Between a rock and a hard place — Hong Kong’s democrats

Foreign Affairs

A view of Hong Kong politics in the wake of the pan-democratic primaries and recent postponement of the Legislative Council elections.

Hong Kong people line up to vote in primary elections 2020
People line up to vote in the pro-democracy primary election on July 12. REUTERS/Lam Yik

To say that Hong Kong’s democrats are in a tough spot would be a slight understatement. A little over three weeks ago, the democrats in the city held their primaries for the September Legislative Council elections. Criticized by pro-Establishment forces and Beijing for being an ostensible “provocation” of the current electoral system, the pan-democratic camp sought to generate viable candidates that would receive the blessing of its primary electorate, in preparation for the official race, originally scheduled for September 6 (since postponed to next year). With a historic total of more than  610,000 voters participating in the primaries, the event welcomed a wide spectrum of contenders, ranging from moderate anti-Establishment figures to outspoken ethnic minority advocates to radicals and localists, with the latter drawing support primarily from Hong Kong’s politically fervent youth.

Traditional democrats floundered, as compared with newer-generation democratic lawmakers and localist activists who had featured far more prominently, and were perceived as thus having contributed more, under the public spotlight over the anti-extradition bill protests. Many within the pan-democratic base saw the meeker, subdued responses of the “old hacks” during the movement as signs of weakness, capitulation to the authorities, and fundamental deviance from the movement. Existing animosity toward the elder democrats — for their alleged moral prudishness and inefficacy — manifested in the poor performances of lawmakers typecast as reticent and “conservative” — such as Dr. Helena Wong Pik-Wan, widely panned for her alleged lack of involvement with the movement (despite her issuing a plethora of strongly worded public statements in the past), and the longstanding, “first-generation radical” Leung Kwok Hung.

What was more striking about the results, though, was that the eminent emphasis upon divisions along party lines had significantly declined over the past year. Historically, localists in Hong Kong — proponents of more radical, Hong Kong-centric ideology, coupled with a fundamental rejection of mainland Chinese presence in the city — had been fervent critics of lawmakers who aligned themselves with the Democratic and Civic Parties, the core pillars of the colloquially named “Democratic Mainstream.” Similarly, supporters of traditional democratic parties had largely viewed the surging, radical parties and entities (e.g., the League of Social Democrats, Civic Passion, and Hong Kong Indigenous) with skepticism and wariness — with many alleging that these were “plants” installed to disrupt the city’s path toward democracy. The past year of protests and unrest in the city has, at least superficially, reconciled the two factions: the primaries attested to this, with younger faces within the Democratic Party, such as Ted Hui Chi-fung and Kwong Chun-yu, taking by storm their respective primaries. “Radical” candidates — including those who have previously voiced support for secessionism — also ascended in mainstream popularity, with candidates such as Sunny Cheung and Joshua Wong pulling ahead in the traditionally more moderate constituencies of Kowloon West and East, respectively.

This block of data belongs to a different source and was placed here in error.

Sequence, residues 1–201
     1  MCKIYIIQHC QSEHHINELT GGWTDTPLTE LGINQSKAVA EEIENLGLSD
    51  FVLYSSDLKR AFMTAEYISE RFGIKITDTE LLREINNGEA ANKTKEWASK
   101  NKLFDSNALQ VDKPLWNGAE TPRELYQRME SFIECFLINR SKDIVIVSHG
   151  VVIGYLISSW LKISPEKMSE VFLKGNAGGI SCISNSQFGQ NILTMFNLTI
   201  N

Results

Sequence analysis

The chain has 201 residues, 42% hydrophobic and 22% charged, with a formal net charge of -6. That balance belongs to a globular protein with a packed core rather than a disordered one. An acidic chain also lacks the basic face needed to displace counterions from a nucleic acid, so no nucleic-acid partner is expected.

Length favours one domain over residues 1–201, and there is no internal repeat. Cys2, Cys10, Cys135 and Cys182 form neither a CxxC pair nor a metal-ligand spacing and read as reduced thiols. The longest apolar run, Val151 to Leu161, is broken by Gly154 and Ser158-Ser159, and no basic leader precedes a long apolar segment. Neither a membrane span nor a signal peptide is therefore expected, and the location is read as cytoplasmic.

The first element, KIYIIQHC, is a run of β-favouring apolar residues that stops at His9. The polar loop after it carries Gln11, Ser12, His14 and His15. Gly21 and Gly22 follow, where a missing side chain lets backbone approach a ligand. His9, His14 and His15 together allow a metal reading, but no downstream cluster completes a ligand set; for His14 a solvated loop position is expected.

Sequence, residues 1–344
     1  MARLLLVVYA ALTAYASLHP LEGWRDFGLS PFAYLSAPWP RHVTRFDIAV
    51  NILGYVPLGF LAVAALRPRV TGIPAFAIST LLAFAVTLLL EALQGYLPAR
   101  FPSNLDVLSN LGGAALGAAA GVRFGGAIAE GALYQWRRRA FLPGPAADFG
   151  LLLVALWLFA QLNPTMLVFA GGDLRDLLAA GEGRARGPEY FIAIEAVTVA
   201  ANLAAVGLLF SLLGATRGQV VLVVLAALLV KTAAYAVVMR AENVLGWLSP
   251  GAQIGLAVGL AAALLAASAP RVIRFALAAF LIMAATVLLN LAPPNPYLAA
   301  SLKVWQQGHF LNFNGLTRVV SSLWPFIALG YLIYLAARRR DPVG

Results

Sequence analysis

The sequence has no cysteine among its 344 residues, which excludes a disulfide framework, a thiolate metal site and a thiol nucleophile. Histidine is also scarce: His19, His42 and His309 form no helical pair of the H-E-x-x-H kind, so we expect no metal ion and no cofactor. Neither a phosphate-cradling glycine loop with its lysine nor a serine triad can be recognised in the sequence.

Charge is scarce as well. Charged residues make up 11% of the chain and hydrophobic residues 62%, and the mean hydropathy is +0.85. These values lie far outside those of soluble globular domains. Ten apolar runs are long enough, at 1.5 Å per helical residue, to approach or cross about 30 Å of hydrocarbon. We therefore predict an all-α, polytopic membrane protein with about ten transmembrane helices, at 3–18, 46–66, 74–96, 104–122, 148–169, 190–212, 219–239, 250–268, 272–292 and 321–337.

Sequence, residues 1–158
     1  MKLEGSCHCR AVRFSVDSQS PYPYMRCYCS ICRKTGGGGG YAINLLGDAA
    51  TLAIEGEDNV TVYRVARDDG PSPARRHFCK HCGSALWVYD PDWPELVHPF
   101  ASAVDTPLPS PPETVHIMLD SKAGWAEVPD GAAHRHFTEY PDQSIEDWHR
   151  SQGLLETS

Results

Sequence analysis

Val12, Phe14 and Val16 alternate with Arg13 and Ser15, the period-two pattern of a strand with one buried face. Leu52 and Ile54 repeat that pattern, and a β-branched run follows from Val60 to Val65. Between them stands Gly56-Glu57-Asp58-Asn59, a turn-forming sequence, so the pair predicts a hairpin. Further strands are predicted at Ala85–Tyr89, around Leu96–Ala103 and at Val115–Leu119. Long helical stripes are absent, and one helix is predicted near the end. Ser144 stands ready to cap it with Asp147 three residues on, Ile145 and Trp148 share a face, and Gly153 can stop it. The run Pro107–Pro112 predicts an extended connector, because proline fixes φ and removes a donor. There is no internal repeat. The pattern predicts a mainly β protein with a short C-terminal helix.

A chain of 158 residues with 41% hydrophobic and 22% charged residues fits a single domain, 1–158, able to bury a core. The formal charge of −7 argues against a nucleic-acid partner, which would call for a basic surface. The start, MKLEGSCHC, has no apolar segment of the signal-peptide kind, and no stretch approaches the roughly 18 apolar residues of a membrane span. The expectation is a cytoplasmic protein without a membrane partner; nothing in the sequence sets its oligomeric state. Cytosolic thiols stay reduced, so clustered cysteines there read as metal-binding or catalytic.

Previous democratic primaries had offered opportunities for the pan-democratic camp to filter out candidates that lacked substantive manifestos, clearly articulated visions, and detailed policies. Yet their largely advisory, even ceremonial, role meant that they had struggled to reflect the zeitgeist when they were held. In stark contrast, the recently concluded primaries featured minimal specific policy discussion — indeed, candidates who had sought to advance more progressive, redistributive, and egalitarian policies for ethnic minorities and working-class individuals (including social worker Jeffrey Andrews and former flight attendant Carol Ng) found themselves outperformed vastly by individuals with more conspicuously anti-China rhetoric.

Some may say that such is the inevitable, in light of the recent events that had befallen Hong Kong. Yet perhaps there is something rather poignant about the state of politics in the city today, when the preoccupation with a single question — the Chinese question — has crowded out any and all room for potential nuance and discussion over other issues of grave concern to Hong Kong citizens.

The preoccupation with a single question — the Chinese question — has crowded out any and all room for potential nuance and discussion over other issues of grave concern to Hong Kong citizens.

It was unsurprising that the pro-Beijing establishment took to zealously admonishing these primaries, portraying them as subversive and a continuation of academic Benny Tai’s alleged plans to incite against Hong Kong’s law and order. On the other hand, many of the more vocal writers, activists, and politicians within the pan-democratic camp portrayed the primaries as a win for democracy.

Yet, as the following will show, the primaries have also left Hong Kong’s Democrats — particularly the more moderate, reserved amongst them, who had traditionally fronted the camp’s Legislative Council presence — in a rather difficult spot. Proverbially, they’re caught between the rock of increasingly tightened redlines and the hard place of losing popular support from the preponderant radicals within the camp.

The National Security Law was passed at the end of June, explicitly outlawing “any act of treason or subversion,” “theft of state secrets,” “foreign political organizations or bodies conducting political activities in the Region,” and local entities “establishing ties with foreign political bodies.” Beijing saw passing the law as a necessary move in establishing the boundaries and laying down the law in the city. Yet inevitably, for the democrats — who have historically relied greatly upon international lobbying and persuasion — the law signals that they could no longer afford to disregard the legal consequences of their advocacy and ideology. In order to keep one foot through the door, democrats are effectively compelled to accede to critical national security baselines, which many of their supporters — out of ideological frenzy or broader concerns over implementation — outright reject. Just this past week, prospective candidates were asked to declare that they are no longer affiliated with causes deemed to be secessionist and disruptive to public order — including the much-maligned Hong Kong independence movement. Accepting the intactness of One Country, severing ties with secessionist ideology and rhetoric — these moves could well be necessary on the candidates’ part, should they seek to remain in the game.